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Don't get swept away by patch drift

With hundreds of millions of lines of code operating on each client, IT managers have a tough job keeping their desktop environments stable, secure and consistent in the face of phenomenon known as drift.

Making sure that all your network's clients are in sync can be a bit like conducting an orchestra. If one goes flat, there's the possibility that others will spiral down that same path, creating discord in the entire system.

With hundreds

When you introduce anything new into an environment, it shifts the environment ever so slightly, and that's where the potential risks are.

Drew Williams, VP,

Configuresoft Inc.

of millions of lines of code operating on each machine, IT managers have a tough job ahead of them, keeping networks stable, secure and consistent.

"When you introduce anything new into an environment, it shifts the environment ever so slightly, and that's where the potential risks are," said Drew Williams, vice president of corporate development for Configuresoft Inc., a Colorado Springs, Colo.-based software company.

"Say you've got a small network of five clients and a server and you're running all the same applications on those five boxes," Williams said. "One time you update one system or you forget to update one system -- you've immediately introduced what's called 'drift' into your infrastructure."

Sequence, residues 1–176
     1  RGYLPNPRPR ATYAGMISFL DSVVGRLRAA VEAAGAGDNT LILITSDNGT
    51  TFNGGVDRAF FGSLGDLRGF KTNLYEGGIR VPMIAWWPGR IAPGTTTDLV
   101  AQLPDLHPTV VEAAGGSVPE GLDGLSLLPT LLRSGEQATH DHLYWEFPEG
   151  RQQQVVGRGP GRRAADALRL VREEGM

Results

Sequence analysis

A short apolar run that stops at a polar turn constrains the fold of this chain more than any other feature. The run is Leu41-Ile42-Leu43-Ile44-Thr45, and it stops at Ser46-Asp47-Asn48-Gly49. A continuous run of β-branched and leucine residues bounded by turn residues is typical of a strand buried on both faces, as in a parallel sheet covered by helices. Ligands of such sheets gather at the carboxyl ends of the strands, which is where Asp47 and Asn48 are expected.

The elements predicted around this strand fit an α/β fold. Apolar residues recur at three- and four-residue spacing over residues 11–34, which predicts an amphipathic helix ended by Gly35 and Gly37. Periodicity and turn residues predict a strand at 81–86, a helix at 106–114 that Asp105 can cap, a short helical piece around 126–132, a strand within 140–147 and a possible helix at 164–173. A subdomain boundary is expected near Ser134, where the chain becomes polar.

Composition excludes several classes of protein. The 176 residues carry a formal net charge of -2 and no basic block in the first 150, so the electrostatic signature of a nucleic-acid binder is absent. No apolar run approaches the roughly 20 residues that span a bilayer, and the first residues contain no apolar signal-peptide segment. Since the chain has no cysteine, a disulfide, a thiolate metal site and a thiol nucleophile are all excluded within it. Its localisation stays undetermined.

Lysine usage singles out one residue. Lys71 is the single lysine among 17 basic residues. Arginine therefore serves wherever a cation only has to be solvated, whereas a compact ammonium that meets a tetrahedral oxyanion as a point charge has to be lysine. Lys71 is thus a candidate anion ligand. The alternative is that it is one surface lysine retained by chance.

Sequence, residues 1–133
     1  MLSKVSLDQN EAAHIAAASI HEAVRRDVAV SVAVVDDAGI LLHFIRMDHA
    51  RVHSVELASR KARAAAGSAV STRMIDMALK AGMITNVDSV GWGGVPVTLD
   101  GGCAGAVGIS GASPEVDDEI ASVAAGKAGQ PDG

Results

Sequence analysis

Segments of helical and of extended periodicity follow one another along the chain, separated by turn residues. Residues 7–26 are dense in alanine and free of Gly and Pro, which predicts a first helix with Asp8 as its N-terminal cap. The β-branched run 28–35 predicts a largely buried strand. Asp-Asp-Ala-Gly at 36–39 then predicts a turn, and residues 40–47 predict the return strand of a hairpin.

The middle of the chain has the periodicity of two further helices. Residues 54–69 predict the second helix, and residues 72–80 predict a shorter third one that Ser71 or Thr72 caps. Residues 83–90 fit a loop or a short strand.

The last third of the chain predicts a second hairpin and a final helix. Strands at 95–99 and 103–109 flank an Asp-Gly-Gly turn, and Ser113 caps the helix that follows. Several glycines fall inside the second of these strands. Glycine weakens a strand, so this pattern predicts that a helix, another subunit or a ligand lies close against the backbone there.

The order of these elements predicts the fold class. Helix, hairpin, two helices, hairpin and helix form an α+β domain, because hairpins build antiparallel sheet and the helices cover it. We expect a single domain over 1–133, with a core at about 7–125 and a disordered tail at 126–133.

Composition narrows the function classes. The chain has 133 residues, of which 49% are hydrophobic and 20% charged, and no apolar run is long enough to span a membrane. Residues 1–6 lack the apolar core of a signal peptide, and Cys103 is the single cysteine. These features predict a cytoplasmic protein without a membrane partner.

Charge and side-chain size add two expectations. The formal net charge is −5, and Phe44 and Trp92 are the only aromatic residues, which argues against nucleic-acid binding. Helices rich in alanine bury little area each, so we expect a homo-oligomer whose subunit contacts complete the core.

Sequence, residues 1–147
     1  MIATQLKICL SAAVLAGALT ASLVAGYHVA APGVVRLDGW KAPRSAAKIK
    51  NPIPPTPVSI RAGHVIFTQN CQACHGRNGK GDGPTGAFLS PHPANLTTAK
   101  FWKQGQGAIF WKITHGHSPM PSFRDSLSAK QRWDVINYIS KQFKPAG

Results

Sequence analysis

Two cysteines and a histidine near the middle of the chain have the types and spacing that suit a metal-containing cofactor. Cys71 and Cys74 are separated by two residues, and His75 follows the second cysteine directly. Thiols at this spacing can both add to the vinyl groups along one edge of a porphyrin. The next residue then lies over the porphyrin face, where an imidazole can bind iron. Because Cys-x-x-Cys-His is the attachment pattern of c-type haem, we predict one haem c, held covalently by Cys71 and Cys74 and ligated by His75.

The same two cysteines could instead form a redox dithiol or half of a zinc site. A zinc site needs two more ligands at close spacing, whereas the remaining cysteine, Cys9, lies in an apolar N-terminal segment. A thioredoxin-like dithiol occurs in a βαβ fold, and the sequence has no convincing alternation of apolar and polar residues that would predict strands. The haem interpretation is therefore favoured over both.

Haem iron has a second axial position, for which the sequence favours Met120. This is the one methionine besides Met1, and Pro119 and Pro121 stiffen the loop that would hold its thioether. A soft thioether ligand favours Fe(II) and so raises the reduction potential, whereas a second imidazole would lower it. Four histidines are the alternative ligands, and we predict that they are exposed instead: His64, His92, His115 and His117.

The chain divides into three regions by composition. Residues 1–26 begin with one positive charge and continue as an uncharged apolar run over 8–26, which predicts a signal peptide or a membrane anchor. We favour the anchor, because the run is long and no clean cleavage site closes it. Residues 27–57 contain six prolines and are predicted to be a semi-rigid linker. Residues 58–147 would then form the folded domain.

An ongoing process for IT

Think of

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How to patch vulnerabilities and keep them sealed

it like boats on a lake. When they're anchored, they stick together. When they're not, they start drifting in different directions. The good news is that IT managers can combat drift with a little planning and a lot of vigilance.

Jon Saultz, principal information analyst for the city of Colorado Springs, spends about half of his time making sure that 900 desktops -- spread across more than 100 locations -- are protected.

New technologies are making that job easier, he said. "There were things in the past that you had to be at the console to do, but with the evolution of the software and actual hardware, you can do these things remotely now," Saultz said. "It's an ongoing battle that will never be won."

Weekly evaluation recommended

Eric Schultze, chief security architect with Shavlik Technologies LLC, in Roseville, Minn., said that in networks where the same operating system and applications are put on every machine, weekly evaluations can help ward off drift.

Executives want to hear that networks are up and running at peak levels, Williams said. Managers can avoid costly repairs for systems by maintaining a secure environment. That, in turn, increases the enterprise's profitability and productivity.

"Administrators need to evaluate what they consider their baseline policy for operation," Williams said. "They have to ensure, through automation, that level of compliance is realized at all points in the environment. Any inconsistencies, or drift, must be documented, reported and rectified as quickly as possible. That's called hardening your environment.

"Get control of the one box that you think is home base, the gold system, if you will, and make sure that you understand collectively what it means to be a gold system, and you can replicate that," he said.

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